Degree Date



Doctor of Philosophy (PhD)




The present study seeks to expand current research on heritage learners by introducing new data on language production and measured rates of language comprehension and production of Russian heritage speakers of the low-proficiency level, i.e., those who were born in the U.S. or arrived at a pre-school age.

Performance-based data were collected in a university classroom environment by means of a special diagnostic test developed by the researcher, and by the use of a standardized testing instrument—the Prototype AP© Russian Examination produced by the American Council of Teachers of Russian. The data present findings that are based on measured pre- and post-program standardized testing using the ACTR/ILR proficiency scale.

The diagnostic test establishes baseline language levels and language characteristics of the subject group at the intake level and assesses existing measurable levels of first language retention. The standardized tests measure changes in proficiency of heritage learners and the progressive effects of a two-semester instructional intervention (bridge course).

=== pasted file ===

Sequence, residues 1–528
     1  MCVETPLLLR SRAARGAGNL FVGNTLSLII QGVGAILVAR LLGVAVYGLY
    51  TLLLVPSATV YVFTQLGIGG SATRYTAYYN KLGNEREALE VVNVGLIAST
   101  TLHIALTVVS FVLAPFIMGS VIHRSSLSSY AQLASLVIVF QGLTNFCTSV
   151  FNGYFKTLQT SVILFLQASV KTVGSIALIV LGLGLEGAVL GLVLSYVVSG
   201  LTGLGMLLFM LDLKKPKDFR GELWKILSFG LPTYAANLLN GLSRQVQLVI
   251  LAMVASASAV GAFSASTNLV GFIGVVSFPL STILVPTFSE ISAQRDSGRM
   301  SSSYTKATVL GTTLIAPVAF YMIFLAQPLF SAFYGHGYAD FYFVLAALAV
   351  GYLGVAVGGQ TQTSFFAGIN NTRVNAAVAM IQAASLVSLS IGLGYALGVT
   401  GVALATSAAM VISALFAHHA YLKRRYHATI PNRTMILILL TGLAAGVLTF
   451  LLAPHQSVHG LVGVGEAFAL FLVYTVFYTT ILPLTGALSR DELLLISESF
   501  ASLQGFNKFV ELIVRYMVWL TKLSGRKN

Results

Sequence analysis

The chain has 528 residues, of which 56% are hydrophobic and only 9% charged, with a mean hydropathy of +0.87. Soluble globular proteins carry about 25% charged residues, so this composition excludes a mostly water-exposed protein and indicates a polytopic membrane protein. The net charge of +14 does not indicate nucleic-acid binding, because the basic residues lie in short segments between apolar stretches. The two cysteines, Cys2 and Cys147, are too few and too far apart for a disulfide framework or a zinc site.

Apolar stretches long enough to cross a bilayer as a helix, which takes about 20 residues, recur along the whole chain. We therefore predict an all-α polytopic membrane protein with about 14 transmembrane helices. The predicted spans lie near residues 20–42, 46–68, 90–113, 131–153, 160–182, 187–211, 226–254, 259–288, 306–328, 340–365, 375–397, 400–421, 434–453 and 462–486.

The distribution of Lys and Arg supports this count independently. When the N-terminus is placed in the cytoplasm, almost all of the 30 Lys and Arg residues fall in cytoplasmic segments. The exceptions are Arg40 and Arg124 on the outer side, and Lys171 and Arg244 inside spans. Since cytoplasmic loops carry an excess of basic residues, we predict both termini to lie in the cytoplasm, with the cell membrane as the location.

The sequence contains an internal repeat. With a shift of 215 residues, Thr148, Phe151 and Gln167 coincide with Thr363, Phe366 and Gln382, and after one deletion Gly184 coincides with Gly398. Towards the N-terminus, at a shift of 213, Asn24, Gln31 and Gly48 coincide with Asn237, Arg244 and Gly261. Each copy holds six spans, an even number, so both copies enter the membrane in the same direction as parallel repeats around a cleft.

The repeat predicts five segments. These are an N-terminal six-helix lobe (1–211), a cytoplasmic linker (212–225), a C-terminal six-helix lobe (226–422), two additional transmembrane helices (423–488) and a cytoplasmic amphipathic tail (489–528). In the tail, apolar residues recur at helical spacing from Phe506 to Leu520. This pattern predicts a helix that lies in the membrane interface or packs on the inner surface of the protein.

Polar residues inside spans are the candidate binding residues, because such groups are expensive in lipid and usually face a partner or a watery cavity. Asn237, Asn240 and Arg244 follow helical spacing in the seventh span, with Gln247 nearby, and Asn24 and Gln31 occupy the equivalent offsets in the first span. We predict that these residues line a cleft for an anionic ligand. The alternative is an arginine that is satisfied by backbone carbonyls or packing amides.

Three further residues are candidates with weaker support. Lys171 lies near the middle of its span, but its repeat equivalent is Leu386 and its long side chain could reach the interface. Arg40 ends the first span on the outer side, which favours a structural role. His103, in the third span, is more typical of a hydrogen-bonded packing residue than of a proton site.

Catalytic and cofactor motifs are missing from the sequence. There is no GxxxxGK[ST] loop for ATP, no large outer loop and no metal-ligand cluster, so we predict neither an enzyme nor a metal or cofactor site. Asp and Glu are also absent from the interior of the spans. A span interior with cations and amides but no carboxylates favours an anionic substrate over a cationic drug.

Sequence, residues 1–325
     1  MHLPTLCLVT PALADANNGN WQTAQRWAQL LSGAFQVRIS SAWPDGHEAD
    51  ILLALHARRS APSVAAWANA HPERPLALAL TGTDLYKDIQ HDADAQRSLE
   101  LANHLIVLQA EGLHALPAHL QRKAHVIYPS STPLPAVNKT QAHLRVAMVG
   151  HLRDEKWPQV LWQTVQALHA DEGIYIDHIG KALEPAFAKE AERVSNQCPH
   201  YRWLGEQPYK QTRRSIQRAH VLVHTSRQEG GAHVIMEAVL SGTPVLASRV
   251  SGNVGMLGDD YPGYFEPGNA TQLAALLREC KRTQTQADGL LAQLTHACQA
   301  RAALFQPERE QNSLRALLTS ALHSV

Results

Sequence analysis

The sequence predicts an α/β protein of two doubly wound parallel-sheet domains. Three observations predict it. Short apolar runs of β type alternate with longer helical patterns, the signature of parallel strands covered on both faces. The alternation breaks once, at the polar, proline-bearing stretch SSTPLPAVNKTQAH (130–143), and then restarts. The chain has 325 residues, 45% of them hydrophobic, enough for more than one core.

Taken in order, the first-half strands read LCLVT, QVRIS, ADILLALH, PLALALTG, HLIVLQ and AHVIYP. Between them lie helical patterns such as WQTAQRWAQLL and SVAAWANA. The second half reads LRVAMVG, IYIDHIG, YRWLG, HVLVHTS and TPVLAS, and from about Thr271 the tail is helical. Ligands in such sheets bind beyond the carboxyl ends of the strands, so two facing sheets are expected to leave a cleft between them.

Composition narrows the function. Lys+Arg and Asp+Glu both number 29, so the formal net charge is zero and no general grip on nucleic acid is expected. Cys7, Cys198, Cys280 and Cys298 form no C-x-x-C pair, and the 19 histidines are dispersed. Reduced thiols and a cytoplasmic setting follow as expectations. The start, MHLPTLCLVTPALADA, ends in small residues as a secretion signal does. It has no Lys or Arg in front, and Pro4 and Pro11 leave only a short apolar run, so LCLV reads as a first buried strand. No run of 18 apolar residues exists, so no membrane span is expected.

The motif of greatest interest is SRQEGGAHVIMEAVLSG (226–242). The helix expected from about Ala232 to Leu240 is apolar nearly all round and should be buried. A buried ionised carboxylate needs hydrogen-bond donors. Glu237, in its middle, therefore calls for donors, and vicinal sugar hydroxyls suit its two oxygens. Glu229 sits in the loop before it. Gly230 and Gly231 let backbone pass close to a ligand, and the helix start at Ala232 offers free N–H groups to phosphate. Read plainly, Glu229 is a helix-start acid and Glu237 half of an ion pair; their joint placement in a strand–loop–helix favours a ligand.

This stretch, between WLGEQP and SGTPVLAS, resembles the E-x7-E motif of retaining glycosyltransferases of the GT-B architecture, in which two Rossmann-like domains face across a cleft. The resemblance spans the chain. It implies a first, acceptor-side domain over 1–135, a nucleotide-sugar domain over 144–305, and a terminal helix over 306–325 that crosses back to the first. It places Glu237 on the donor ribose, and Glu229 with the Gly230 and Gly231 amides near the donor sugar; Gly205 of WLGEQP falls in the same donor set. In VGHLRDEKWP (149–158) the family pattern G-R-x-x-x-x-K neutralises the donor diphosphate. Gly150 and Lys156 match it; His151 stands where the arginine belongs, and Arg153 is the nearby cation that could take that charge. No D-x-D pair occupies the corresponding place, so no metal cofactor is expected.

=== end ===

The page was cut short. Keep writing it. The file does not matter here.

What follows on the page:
This study describes and examines the patterns of heritage learner interlanguage production as evidence of internalized grammatical systems, focusing mainly on heritage learners’ levels of control of the nominal system and sentence-level syntax as reflected in the data. It looks into different factors that affect the language competency of low-level proficiency heritage learners, confirming earlier findings (Isurin 2008) that the relationship between age of arrival and heritage language competence is not linear, and that other extralinguistic factors—the amount of daily exposure to L1, the language spoken in the family, and levels of L1 literacy in the family itself, among others—must also be considered.

Furthermore, this study offers a comparison of the language skills between mid and post-course low-proficiency heritage learners and traditional non-heritage learners of Russian, confirming the claim that heritage learners build (or rebuild) language skills faster than foreign language learners acquire these skills and can attain a higher proficiency level with fewer contact hours (Kagan and Bauckus 2008).

The findings of the study offer insights into the nature of adult language acquisition and the revival of a mother-tongue, focusing on Russian heritage learners with a low proficiency level and assessing how their strengths can be utilized for more effective instructed programs.


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